Want to create the next breakthrough app? The possibilities are limitless. Eat founder Nezar Kadhem describes exactly how to do it…right down to the last detail.
Hello, Nezar. Could you please tell us how you started your journey?
Prior to January 2014, Eat was purely an idea. We were attending startup events and talking about it, but it hadn’t materialized yet. We hadn’t gone full speed. In February 2014, we had incorporated the company. We were on our way to doing this full-time.
That was the first round?
Tenmou had a very clear objective for us. They said, “Look, you need to reach product market fit.” At the time, we had pitched to them that Eat would solve problems for both restaurants and consumers. On the consumer side, it was a pain to a) discover restaurants, b) find the phone number of a restaurant, and c) take the time to call and have to repeat your last name over and over again. As we’ve seen elsewhere in the world, there is an easier way to do it: in three clicks.
Restaurants were still using outdated methods of pen and paper to manage their reservations and customers. Without a digital solution, restaurants couldn’t acquire users online, or have access to analytics on how they were performing. How many people dined at the restaurant? Who are the best customers? What are the trends? The digital solution was to solve these issues for restaurants.
By March 2014, Tenmou had injected USD $100k and we started full-time. We decided to focus on reaching product market fit for our table management system, our B2B solution. This was to be developed and installed at the restaurants—and we got to work. We spent about seven months building the solution in-house.
Initially, we got some traction. We were able to sign restaurants like Monsoon, Mirai, and the Gulf Hotel. We also pitched to The Four Seasons, and applied to their tender where we competed against the likes of Eat2Eat and OpenTable, and won. We went back to Tenmou, and said, “Guys, I think we’ve reached product market fit. Here’s the product, and here’s a signed contract by The Four Seasons, reviewed by a global committee. I think we’re onto something.”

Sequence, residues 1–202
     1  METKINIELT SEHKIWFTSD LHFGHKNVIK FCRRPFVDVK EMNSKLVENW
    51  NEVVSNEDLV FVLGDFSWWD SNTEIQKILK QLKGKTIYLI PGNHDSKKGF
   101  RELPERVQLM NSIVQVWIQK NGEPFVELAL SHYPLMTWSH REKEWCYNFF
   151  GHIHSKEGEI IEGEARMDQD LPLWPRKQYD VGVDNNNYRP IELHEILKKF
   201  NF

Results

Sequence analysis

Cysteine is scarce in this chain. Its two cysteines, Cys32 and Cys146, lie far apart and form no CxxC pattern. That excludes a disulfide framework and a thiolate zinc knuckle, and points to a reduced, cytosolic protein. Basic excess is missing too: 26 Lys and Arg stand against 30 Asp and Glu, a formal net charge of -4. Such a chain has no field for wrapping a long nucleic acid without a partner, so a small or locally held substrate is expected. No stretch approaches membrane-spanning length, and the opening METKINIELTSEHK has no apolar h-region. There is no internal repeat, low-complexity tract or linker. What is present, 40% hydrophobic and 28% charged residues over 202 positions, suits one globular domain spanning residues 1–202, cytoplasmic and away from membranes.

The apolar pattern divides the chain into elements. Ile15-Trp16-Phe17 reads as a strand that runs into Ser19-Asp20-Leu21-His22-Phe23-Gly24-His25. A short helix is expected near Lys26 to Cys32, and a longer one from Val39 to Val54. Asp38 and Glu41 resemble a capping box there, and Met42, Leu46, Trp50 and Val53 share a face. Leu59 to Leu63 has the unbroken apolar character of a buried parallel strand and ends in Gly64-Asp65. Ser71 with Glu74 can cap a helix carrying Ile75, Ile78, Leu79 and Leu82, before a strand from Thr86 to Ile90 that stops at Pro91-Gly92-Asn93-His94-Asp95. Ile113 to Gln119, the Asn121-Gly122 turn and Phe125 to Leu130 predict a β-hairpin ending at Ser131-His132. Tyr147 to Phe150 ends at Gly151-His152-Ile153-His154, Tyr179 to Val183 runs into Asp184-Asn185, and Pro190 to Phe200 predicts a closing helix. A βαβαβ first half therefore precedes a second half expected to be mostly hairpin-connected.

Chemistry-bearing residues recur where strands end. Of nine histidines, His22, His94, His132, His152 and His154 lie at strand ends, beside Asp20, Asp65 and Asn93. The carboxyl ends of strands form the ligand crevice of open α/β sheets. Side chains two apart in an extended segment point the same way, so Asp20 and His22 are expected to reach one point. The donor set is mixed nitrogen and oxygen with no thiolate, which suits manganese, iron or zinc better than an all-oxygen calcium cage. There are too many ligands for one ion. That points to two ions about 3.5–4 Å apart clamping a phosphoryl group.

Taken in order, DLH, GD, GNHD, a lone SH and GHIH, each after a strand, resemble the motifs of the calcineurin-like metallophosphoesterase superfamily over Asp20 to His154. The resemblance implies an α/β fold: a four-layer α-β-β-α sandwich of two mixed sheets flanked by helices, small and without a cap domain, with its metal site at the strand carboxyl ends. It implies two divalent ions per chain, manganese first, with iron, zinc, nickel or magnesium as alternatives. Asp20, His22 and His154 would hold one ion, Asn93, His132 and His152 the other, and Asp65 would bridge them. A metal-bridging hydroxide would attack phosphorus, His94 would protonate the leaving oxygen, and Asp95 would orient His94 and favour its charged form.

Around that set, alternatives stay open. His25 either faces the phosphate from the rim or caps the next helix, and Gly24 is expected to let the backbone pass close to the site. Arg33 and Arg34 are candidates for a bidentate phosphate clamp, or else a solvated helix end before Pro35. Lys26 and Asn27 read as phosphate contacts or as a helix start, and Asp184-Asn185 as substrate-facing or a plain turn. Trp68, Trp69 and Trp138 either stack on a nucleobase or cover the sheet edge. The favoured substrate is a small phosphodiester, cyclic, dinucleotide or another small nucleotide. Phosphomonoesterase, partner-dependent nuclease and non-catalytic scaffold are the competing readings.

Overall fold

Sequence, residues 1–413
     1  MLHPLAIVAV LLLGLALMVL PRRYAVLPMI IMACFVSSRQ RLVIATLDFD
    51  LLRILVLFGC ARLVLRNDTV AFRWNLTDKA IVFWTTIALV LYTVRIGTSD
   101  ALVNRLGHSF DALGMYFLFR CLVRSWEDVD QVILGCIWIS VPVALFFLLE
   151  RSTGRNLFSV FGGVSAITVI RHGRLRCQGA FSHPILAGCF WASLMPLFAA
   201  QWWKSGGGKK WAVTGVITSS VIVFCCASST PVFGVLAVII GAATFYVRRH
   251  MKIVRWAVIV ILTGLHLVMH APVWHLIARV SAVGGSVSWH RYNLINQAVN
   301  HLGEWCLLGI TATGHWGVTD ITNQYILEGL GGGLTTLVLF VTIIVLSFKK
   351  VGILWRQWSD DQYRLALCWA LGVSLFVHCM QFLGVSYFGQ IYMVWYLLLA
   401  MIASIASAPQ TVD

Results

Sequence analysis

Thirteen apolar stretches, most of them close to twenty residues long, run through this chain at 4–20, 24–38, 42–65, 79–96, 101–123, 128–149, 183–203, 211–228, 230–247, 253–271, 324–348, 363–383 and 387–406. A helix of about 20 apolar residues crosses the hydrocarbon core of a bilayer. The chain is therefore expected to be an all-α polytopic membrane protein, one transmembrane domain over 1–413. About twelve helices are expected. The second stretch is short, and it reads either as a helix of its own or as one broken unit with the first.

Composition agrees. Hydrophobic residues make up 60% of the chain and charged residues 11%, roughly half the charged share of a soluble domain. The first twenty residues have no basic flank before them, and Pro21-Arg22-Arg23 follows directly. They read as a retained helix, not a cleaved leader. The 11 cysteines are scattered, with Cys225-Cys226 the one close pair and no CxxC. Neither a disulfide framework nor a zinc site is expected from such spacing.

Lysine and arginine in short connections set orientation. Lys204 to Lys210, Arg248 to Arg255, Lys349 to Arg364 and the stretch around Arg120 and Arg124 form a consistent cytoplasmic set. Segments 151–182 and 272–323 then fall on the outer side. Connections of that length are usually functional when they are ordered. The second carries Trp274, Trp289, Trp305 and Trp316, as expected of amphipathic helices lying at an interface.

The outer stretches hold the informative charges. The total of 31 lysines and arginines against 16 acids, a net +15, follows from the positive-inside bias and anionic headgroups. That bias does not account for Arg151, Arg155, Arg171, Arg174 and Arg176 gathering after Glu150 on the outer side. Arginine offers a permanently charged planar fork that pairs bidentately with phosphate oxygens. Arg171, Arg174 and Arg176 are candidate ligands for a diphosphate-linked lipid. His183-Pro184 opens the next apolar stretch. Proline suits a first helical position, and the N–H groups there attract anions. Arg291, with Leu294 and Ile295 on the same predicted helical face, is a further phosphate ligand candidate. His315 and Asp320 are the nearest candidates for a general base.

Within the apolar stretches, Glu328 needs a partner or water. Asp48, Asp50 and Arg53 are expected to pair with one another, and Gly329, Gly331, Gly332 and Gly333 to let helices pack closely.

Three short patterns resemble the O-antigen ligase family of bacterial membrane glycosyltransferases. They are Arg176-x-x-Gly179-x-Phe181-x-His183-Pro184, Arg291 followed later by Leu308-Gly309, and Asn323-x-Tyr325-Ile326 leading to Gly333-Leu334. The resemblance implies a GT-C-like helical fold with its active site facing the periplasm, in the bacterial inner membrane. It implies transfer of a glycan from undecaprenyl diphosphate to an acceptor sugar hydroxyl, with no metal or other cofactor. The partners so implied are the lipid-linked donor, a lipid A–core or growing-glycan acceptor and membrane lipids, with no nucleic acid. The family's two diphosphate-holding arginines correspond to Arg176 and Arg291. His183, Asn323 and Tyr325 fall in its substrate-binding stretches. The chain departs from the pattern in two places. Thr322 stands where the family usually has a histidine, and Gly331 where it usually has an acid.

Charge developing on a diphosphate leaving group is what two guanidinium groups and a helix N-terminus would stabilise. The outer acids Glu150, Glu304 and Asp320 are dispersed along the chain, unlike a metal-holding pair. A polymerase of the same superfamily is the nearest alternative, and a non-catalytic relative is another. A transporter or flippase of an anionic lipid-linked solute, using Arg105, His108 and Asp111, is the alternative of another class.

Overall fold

Prominent investors decided to come in. By December, 2014, we had closed a second round of USD $300k to hire a team and launch full-steam in Bahrain. By February 2015, we released our consumer app, and very quickly started onboarding all of the other restaurants. By May, we had 70% of the restaurants in our desired portfolio using our B2B solution and app.
The next logical step was to go to Dubai—the mecca of F&B. All of the global 5-star hotel chains and celebrity chefs are there. We had to be there. So we raised another $500k and replicated our Bahrain operation there. Fast-forward to today, we have about 300 restaurants in our portfolio. About 200 in Dubai, 80 in Bahrain, and 20 globally.
“I STILL SEE EAT AS A STARTUP AT HEART, BECAUSE WE’RE STILL AT THAT AGILE STAGE WHERE WE COULD GO EITHER DIRECTION. WE HAVEN’T YET GROWN INTO A DEFINED MODEL. WE SEE A BRIGHT FUTURE. WE JUST HAVE TO KEEP WORKING AS HARD AS WE HAVE BEEN.”
We have to stay hungry. Hopefully, you’ll see some exciting stuff coming from us soon.
Is there one particularly brutal challenge you faced that still stands out in your mind?
I will absolutely never forget the first product we installed. We had just completed development of our reservation system, and started installing the solution at some serious restaurants. The moment you deploy and the restaurant staff starts using the product, if they don’t like it…. you’re screwed. If you download an app and it’s buggy, you delete it, right? That’s very common behavior with B2B. They have alternative solutions they can seek. At one point, we had to go through that consistently for about four weeks, every day.
Where do think money burns a hole the most? Marketing, salary, or growth?
“WHEN YOU’RE TRYING TO GET TO YOUR PRODUCT TO MARKET-FIT STAGE, YOU HAVE TO DEPLOY MOST OF YOUR CASH ON PRODUCT. YOU HAVE TO PIVOT IT TO FIND THAT SWEET SPOT WHERE PEOPLE ARE COMING TO THE APP, STICKING WITH IT, AND USING IT.”
We burned through all of our initial injection of 300K. Most of it went to product. Then we raised our 500K, and most of that went into sales, sales force, payment of commissions, and onboarding all of those restaurants.
Were the restaurants responsive? Or were they like, “Let’s try this out and see what happens”?